CEO and PROFESSOR Chats With Positive Phil…1st Virtual Reality Ad Platform
As CEO and Chief Scientist at Snips, David leads a dedicated team in revolutionizing the digital advertising industry. His expertise in high-performance computing, data mining, and electronic design automation, has led to development of applications in semiconductor, defense, and aerospace. David earned his Ph.D. in Electrical and Computer Engineering in 2005 from Northwestern University, where he currently serves as an adjunct professor and lecturer.
David Zaretsky, PhD
CEO / Chief Scientist / Founder
1st Virtual Reality Ad Platform
Innovative and visionary entrepreneurial executive, technology adviser, accomplished engineer, data scientist, researcher, lecturer, and published author. A passion for growing business, with strong leadership, experience, and both professional and academic technological expertise in electronic design.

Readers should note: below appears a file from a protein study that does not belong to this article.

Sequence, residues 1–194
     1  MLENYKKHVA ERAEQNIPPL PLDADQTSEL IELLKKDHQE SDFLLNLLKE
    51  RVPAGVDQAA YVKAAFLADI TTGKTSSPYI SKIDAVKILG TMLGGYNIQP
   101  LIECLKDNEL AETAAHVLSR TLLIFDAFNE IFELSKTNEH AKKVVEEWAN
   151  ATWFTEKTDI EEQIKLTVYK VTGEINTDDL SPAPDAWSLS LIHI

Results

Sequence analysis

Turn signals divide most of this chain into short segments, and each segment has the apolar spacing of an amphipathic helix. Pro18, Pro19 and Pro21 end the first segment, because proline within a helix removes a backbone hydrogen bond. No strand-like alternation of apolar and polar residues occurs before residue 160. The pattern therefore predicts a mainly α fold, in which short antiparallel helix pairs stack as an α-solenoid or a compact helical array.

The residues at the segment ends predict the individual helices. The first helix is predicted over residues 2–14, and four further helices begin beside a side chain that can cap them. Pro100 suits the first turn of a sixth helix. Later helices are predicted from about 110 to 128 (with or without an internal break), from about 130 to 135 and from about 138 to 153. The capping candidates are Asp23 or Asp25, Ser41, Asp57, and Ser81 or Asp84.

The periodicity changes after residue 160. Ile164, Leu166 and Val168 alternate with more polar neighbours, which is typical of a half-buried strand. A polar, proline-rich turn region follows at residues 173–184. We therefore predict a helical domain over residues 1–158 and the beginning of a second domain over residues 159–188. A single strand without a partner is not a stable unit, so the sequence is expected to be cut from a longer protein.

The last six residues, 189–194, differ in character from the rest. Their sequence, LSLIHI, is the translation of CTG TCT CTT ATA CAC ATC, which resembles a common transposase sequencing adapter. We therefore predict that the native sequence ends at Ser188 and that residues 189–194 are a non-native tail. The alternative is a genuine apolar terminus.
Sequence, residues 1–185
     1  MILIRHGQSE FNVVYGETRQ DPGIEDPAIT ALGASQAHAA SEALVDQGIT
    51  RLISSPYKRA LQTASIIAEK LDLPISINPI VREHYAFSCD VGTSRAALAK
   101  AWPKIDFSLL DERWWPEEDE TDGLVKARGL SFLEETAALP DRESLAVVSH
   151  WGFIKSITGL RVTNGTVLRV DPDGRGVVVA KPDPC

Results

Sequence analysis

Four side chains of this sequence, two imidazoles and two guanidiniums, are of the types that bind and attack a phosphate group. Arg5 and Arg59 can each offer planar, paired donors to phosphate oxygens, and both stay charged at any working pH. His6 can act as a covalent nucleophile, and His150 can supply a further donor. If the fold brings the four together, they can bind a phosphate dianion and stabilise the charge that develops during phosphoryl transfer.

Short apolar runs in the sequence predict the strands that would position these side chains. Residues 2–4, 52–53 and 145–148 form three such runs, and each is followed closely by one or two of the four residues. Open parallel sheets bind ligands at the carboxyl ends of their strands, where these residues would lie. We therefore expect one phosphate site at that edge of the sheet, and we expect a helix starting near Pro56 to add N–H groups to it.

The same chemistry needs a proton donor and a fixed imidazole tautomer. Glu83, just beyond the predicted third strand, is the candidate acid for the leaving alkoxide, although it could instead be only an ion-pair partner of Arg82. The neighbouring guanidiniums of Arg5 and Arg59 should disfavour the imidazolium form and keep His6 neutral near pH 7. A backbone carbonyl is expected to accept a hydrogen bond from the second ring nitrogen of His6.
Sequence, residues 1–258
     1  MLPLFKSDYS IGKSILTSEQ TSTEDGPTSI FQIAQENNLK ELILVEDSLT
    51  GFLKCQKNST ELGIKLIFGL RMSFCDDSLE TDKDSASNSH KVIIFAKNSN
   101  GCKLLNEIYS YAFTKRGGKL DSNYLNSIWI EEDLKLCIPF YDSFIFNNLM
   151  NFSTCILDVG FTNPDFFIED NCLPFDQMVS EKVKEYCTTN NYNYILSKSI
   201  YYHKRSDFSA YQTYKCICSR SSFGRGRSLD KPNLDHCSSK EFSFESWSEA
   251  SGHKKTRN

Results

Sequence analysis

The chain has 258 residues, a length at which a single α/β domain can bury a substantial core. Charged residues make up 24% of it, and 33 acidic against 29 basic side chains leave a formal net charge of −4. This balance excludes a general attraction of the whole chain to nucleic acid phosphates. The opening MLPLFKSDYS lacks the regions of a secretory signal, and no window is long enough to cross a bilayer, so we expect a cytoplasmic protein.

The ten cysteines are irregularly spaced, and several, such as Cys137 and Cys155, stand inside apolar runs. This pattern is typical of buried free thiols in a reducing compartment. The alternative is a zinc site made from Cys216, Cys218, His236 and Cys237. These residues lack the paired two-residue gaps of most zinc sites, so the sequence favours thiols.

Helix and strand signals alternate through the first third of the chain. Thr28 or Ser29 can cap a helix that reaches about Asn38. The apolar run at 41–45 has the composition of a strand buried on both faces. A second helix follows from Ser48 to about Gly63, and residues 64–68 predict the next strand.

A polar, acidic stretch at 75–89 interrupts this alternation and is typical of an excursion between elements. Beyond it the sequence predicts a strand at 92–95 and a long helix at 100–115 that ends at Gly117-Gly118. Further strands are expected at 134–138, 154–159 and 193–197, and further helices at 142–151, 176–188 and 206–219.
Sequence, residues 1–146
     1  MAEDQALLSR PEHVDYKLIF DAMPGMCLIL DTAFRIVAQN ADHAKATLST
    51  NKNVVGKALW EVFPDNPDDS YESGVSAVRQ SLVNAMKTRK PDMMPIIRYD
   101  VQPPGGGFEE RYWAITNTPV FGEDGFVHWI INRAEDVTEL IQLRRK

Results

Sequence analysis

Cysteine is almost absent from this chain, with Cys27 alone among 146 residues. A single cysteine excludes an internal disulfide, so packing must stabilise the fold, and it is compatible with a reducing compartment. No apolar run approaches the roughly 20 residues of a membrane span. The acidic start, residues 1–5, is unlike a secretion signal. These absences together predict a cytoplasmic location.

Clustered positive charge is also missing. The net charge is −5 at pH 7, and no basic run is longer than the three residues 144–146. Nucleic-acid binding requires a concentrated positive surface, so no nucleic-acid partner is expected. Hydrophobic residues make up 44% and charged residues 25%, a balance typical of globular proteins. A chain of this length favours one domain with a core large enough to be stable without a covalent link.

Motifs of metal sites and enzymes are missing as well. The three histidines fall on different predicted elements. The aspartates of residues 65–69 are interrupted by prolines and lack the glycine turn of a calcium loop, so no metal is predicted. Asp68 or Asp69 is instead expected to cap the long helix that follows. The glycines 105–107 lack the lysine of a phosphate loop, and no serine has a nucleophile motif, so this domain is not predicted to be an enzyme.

1st Virtual Reality Ad Platform
Sni.ps is the first ad network for social influencers. Sni.ps is changing the paradigm of digital media advertising by connecting brands with social influencers and their audiences through their social media network. Publishers and content creators are rewarded for the social value their content generates on the web via advertisement revenue. It is simply the most powerful tool for monetizing social media.
Snips connects brands and advertisers with audiences across all social media and digital platforms. What’s unique about this platform is that all campaigns are performance-driven. Meaning, advertisers only pay for real quantifiable results, and influencers earn based on real audience engagement.